Pioneering vessels sailing towards £1.5m Africa deal
AN EAST Yorkshire business is leading the way in next-generation boat building after securing a unique opportunity in Ghana.
Seahorse Marine is on the verge of completing a contract worth almost £1.5m for the Ghana Government.
The business is manufacturing three passenger ferries to transport people across Lake Volta – the largest reservoir by surface area in the world – covering more than 3,200sq miles.
The boats have been developed using an innovative product – high-density polyethylene (HDPE) and, according to director Tony Tait, Seahorse Marine is the only company in the world to create boats of this size using the "durable, incredibly strong and lightweight" material.
Mr Tait said: "For a small company in Hull, we are leading the design and development for this material in boat building, which is new to the UK market and all the world.
"There are seven companies that use this material, but on a much smaller scale.
"These are the first boats of their size to be made from HDPE."
The idea to launch into boat building using HDPE started in Canada when Mr Tait, who was living in the country at the time, was working at a shipyard building vessels. With his experience, he built a boat made out of HDPE for his father-in-law – now his business partner.
This was a success and someone snapped it up straightaway.
Mr Tait said: "It worked really well, better than expected, so I built on the design. Every time I built one, someone would buy it."
After the immediate success of the HDPE boats, Mr Tait's father-in-law then went on a charity trip to Ghana, where he met president Mahama's brother Alfred and got into discussions about boats for Lake Volta. Mr Tait said: "They were looking for boats on Lake Volta, so I went out there with a basic design."
The manufacturing then began.
The business, based in west Hull, launched at the end of February and was able to employ 11 people as a result of the contract.
Mr Tait said: "I never envisaged it would go this far, but when I started testing, it was obvious to me there was a future with HDPE.
"With this material, seeing is believing."
The high-speed vessels, which can take 52 passengers with three crew members, will replace "dug-out" canoes, currently used for transporting people across Lake Volta.
The new ferries, which are 14m in length and 4.2m in breadth, will be equipped with safety features, something which will come as a novelty for those travelling across the lake.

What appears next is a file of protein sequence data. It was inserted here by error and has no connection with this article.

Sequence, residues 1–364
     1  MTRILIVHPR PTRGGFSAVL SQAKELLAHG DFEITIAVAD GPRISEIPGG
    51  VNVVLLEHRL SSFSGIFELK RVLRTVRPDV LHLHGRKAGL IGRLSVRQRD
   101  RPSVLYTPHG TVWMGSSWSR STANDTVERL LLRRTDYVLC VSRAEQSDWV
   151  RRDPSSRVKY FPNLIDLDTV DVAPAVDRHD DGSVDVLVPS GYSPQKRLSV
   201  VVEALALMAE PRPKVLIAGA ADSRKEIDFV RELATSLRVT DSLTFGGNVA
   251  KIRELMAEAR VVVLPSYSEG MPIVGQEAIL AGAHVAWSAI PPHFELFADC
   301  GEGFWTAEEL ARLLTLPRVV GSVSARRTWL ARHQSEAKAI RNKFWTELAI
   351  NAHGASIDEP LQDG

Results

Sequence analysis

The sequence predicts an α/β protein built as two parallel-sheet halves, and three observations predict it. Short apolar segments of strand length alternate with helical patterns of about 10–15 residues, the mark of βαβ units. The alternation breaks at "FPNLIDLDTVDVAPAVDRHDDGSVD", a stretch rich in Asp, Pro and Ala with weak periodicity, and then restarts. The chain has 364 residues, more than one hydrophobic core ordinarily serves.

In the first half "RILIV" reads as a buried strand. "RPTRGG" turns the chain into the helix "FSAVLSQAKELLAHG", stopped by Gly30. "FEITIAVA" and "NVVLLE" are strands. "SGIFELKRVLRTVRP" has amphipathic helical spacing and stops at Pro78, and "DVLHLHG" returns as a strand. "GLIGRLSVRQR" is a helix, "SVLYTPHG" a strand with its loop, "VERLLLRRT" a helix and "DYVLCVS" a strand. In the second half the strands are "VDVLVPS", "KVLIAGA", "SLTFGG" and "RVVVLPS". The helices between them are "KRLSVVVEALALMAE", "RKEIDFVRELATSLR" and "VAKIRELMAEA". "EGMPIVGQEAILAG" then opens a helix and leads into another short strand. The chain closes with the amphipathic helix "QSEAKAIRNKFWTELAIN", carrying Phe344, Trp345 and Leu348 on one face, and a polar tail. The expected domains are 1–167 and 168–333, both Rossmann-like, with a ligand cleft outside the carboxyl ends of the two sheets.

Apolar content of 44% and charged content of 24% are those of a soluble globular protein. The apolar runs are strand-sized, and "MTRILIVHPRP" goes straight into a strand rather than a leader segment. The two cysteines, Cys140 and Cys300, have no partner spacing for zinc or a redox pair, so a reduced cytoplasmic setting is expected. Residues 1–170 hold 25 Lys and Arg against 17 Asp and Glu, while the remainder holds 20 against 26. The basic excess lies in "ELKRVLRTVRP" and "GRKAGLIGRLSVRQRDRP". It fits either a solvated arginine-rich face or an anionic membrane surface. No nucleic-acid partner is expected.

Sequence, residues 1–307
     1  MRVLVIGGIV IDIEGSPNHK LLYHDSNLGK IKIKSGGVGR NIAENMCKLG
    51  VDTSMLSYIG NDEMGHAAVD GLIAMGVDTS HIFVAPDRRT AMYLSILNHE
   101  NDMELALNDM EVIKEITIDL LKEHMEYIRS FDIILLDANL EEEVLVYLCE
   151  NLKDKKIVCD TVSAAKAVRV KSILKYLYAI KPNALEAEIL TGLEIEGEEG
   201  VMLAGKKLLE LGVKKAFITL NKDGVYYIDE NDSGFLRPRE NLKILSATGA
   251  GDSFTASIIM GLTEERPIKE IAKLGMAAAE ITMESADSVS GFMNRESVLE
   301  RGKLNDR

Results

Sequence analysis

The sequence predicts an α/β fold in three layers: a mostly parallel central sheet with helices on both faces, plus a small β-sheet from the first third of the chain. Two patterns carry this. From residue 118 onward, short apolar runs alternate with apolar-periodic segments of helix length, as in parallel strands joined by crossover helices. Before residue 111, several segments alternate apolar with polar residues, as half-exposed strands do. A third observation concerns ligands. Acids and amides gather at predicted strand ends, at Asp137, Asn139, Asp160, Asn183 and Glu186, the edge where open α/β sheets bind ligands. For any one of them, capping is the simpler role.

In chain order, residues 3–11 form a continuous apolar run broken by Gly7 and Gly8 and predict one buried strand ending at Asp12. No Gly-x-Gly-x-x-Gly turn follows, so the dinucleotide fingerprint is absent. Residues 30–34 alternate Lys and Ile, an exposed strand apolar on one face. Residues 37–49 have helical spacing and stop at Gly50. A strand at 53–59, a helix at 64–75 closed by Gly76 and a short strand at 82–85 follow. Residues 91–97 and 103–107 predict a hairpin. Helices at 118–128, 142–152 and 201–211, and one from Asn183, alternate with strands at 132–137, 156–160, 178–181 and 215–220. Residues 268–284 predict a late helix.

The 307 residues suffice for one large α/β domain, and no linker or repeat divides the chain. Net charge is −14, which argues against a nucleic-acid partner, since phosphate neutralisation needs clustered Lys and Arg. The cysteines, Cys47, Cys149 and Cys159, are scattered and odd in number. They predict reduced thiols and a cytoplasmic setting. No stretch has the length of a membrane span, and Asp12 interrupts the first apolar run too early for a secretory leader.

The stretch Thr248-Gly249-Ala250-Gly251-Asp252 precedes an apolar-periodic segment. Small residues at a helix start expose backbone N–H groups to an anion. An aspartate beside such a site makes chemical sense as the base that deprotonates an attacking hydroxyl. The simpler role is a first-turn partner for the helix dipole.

According to the business, hundreds of people have died during crossings because of severe weather conditions and a lack of safety features, such as life jackets available on the boats.
Mr Tait said: "The boats used on the lake don't have any safety features and are simply hollowed out trees with wood planks.
"They often break down and some of the ferries are 70 years old and worn out.
"When we went over to Ghana, we could see people needed something safe and something they could maintain.
"HDPE is durable and it doesn't corrode – it could last 50 years or more, so it is very simple for the people in Ghana to look after."
In order to fulfil the business's first significant order, Seahorse Marine invested £100,000 on new equipment in the factory, which has modelling design software and CNC cutting equipment.
The contract, with the Ministry Of Transport on behalf of the Volta Lake transport company, could be the start of a blossoming relationship between Seahorse Marine and West Africa.
Mr Tait said: "We are looking at other contracts in West Africa and we are in talks with the Ghana Government about another four of the HDPE vessels.
"We have got lots of things to look forward to.
"We have made significant investments and now we need to develop the product and the uses of it.
"We are looking at military patrol boats ordered for West Africa that will put us in a much bigger market for defence and military and all kinds of different projects in the world.
"Our biggest challenge is promoting the material.
"People want to see the proof. We have got to prove to the world that this is the future and we are leading the way in developing the future boats of today."
Mr Tait said the site, which is also used to manufacture other smaller rigid buoyancy work boats using HDPE, has the potential to expand, with more space to use for manufacturing.
He said: "There is a lot of scope here to develop the business further.
"There is definitely a market for this product."